Appellant insists that the will is unnatural, and that it is contrary to the expressed intention of the decedent, for which reasons, she asserts, undue influence in its procurement must be presumed. The contention rests upon the fact that she testified that her son had, upon occasions, indicated that he proposed to leave his money to her, and that prior to his death he had delivered to her the bank-book covering the deposit of his savings, under a belief that he was thereby transferring the money to her. There is no merit in the contention. ( Estate of Donovan, supra.) If the will here could be considered unnatural, the objection would not be sufficient to overturn it in the face of the established fact of testamentary capacity in Fleming at the time it was executed. ( Estate of Wilson, supra, p. 278.) His will is not unnatural. He had no intimate friends other than the Duncans, and had no close relatives other than his mother. He apparently held her in affectionate regard, but rarely discussed his affairs with her. She was quite old, and there is evidence from which it may be gathered that she was sufficiently well cared for. These, and the other facts and circumstances surrounding the testator prior to and at the time of making his will, will constitute a reasonable explanation of his testamentary act, and a clear intent to do it with a full and present knowledge of conditions and consequences. (See Estate of Wilson, supra.) The fact that he said that his mother must not be informed of his making his will is of but little consequence, and falls readily within the explanation of his entire conduct just referred to.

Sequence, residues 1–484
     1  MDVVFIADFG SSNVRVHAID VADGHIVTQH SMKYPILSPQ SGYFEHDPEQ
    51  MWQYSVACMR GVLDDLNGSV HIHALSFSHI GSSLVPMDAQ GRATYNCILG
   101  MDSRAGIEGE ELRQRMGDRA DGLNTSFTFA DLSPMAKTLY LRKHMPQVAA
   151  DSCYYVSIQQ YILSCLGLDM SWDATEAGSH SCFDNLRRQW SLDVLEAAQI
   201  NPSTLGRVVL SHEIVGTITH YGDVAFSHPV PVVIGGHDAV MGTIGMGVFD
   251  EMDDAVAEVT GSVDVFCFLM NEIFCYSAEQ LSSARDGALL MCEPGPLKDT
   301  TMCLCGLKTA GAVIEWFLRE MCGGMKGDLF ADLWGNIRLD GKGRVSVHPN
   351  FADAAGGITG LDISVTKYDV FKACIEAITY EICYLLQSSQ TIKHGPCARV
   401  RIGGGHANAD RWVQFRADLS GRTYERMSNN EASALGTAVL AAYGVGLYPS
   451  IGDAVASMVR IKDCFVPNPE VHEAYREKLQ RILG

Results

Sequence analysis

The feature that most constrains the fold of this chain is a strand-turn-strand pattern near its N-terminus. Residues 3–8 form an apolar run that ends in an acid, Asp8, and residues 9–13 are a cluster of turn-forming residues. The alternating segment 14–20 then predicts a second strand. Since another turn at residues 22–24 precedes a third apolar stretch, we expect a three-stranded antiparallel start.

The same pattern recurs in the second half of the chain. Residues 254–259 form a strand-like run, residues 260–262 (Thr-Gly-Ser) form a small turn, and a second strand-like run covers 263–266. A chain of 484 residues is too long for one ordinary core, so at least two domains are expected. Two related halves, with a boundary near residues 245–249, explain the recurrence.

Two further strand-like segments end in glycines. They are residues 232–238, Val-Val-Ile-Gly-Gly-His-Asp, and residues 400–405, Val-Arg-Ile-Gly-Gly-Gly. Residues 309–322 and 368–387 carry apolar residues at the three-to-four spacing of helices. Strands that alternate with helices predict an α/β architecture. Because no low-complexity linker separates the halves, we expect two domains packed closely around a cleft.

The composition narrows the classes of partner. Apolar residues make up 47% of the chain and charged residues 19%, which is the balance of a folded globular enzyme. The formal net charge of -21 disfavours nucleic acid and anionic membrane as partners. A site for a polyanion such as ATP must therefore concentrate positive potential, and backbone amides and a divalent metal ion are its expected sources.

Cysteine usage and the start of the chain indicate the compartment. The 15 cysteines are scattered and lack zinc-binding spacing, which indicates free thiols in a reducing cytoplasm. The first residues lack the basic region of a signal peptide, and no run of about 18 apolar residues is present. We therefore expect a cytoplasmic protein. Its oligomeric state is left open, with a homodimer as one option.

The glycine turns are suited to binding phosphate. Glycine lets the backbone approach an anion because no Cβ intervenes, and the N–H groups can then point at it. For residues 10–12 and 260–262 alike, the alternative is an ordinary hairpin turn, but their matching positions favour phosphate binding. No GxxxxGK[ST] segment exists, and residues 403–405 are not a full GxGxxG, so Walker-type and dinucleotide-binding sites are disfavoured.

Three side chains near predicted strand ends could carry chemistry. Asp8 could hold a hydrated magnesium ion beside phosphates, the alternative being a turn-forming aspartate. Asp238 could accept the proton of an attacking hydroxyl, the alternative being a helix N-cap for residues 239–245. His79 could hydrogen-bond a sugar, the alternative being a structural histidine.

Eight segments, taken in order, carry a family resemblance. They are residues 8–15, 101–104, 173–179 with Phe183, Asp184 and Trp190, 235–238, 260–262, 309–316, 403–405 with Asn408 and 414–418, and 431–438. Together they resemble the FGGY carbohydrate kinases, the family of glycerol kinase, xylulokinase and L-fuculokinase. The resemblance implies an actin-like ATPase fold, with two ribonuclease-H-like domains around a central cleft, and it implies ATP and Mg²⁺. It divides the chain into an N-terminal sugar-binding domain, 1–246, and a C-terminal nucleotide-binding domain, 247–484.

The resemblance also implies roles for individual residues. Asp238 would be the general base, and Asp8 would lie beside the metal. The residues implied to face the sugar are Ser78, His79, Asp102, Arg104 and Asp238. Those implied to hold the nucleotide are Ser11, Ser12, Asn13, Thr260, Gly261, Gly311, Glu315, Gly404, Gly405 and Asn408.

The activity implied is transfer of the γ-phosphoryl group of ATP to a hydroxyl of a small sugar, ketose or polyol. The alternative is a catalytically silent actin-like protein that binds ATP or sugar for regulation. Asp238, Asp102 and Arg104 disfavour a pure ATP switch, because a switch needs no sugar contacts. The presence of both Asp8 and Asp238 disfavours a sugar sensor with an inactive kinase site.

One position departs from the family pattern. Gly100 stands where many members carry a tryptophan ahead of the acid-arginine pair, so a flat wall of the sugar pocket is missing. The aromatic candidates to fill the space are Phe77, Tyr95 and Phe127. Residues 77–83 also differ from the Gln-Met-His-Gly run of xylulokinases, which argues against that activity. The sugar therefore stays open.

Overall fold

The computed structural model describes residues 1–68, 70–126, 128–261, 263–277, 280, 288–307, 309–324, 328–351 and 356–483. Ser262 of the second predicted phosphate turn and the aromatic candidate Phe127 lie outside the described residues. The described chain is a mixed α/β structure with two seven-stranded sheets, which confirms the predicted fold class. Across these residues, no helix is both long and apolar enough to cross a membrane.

There is much in the somewhat lengthy record which tends to shed light on the situation and relation of all the parties to this controversy and the circumstances under which Fleming's will was made. From our examination of the evidence, we are satisfied that the trial court was correct in its conclusion that Fleming's mind was not held under subjugation by the respondents, or either of them, and that the will was not brought about by the exercise of undue influence exerted upon him. The motion for a directed verdict should have been granted. Consequently the court had power, and it was its duty, to enter judgment in favor of the respondents below notwithstanding the verdict of the jury rendered on the issue of undue influence.
The judgment is affirmed.
Seawell, J., Finlayson, J., Richards, J., Shenk, J., Sullivan, J., and Curtis, J., concurred.